The reality is that therapy can feel really hard. I truly believe in the transformative possibility of therapy and counselling, but change can involve some challenging, painful work.
- You might feel anxious speaking with a relative stranger about your most vulnerable thoughts.
- It may feel painful tuning in to the thoughts, feelings and memories that you have become so good at pushing to one side.
- Perhaps you are frustrated by the pace or feel that no progress is being made at all.
- You may experience some challenging feelings along the way as you start to make changes in your life.
Here are some thoughts to keep in mind if therapy feels hard:
#1 It’s not linear
The wonder of the human psyche is that we have an intricate web of beliefs, thoughts, feelings, defences, hopes and desires. Moving forward impacts the whole – we can’t just change one part of the jigsaw puzzle of our life script without changing other parts as well. Psychological change will also impact your relationships.
So whilst it would be nice to plan an orderly beginning, middle and end with incremental steps of psychotherapeutic growth,
the reality can look a little messy:
You may find it helpful to talk to your counsellor or therapist about your concerns, frustrations or irritations.
#2 Slow progress is still progress
You may have heard the phrase: it’s a marathon, not a sprint.
It can take a little time to change the habits of a lifetime. Also, we don’t usually think about talking, bringing awareness to a situation, connecting the dots and making changes as hard work. But it really can be exhausting and it is ok that it’s taking some time.
Try to reflect on your successes too and consider how the therapy journey is impacting your life in a positive way. You may find it helpful to ask your counsellor or therapist for a review session to talk things through.
#3 Listen to your gut
It may be that you are finding counselling or therapy uncomfortable, but when you pause to reflect you notice the overall benefits.
Other times, you might feel something is off.
- Are things going too fast?
- Do you need more time before you start talking about a painful part of your past?
- Are you struggling to feel safe speaking with your counsellor or therapist?
- Do you feel heard and understood?
You may want to think about how you bring more active self-care to your process before and after sessions. For example, whether you have enough time afterwards to transition back to your day. Perhaps it would be helpful to schedule a walk or some other soothing activity for after your session.
You may want to talk to your counsellor or therapist about coping skills such as grounding techniques if you feel overly anxious or panicked, or explore how mindfulness can support you on your journey.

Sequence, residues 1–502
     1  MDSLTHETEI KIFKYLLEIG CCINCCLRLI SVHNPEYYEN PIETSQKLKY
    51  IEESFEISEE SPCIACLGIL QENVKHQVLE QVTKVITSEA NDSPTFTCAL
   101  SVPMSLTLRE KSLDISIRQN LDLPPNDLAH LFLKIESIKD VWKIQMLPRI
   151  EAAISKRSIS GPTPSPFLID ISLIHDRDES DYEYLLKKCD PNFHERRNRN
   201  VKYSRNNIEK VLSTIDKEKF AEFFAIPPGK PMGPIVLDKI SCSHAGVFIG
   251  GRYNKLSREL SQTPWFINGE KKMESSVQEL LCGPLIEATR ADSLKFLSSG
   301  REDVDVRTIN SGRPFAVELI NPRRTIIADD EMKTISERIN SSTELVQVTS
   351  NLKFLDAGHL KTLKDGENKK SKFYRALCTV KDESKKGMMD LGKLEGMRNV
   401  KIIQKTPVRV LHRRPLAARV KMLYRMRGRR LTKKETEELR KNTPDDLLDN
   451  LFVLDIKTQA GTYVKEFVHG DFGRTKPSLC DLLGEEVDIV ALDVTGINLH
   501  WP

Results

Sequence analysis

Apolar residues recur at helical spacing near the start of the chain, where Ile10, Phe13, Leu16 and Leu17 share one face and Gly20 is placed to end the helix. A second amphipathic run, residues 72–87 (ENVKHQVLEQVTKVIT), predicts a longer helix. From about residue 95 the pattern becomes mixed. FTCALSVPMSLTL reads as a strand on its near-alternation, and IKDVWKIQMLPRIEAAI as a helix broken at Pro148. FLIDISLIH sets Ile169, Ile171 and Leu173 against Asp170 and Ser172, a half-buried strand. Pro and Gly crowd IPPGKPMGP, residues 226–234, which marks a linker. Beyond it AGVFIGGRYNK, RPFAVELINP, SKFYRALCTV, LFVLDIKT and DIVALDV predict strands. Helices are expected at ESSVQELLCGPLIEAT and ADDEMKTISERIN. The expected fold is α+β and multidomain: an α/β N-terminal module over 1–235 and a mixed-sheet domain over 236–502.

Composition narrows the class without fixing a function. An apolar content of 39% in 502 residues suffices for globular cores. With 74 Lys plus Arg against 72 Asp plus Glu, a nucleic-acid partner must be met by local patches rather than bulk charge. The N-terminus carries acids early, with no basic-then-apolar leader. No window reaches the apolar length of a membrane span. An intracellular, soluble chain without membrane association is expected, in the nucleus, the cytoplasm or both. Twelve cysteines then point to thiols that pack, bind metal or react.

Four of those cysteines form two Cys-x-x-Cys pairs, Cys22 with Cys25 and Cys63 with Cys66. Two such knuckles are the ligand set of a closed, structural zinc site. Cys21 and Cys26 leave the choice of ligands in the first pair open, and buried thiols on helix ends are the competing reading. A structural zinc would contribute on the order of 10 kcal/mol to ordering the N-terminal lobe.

Going with your gut is important. If something doesn’t feel right, I gently encourage you to be open with your counsellor or therapist. But if you are struggling to feel safe in the relationship, it’s also okay to decide they are not right for you. There are some tips here on finding someone.
#4 Allow time for reflection between sessions
A great deal of the work happens outside the therapy room.
I don’t set homework, but I do encourage my clients to journal or keep some notes between sessions of what comes up for them.
Not just the low points – the good times too. The memories, dreams, fears, hopes that can arise. The moments of inspiration and realisation. Things that come up that they want to explore in session.
It can be useful to have a plan for what you might do if you leave a session feeling drained, or particularly sad or shaken. Be gentle with yourself. Therapy is not ‘just talking’ – it can be a draining process. But I do believe that the challenging times are worth it if you can hang on and trust the process.
If you are new to counselling or therapy, I also wrote a blog post with some thoughts on what to expect. Mind also has some useful tips and resources.
If you like reading, you may enjoy this fictionalised account of the therapy process helpful.
I help people find clarity and calm, cope better with change and say no when they want to. Through therapy, I can help you get to know yourself better and support you in making meaningful changes in your life.
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Photo by Road Trip with Raj on Unsplash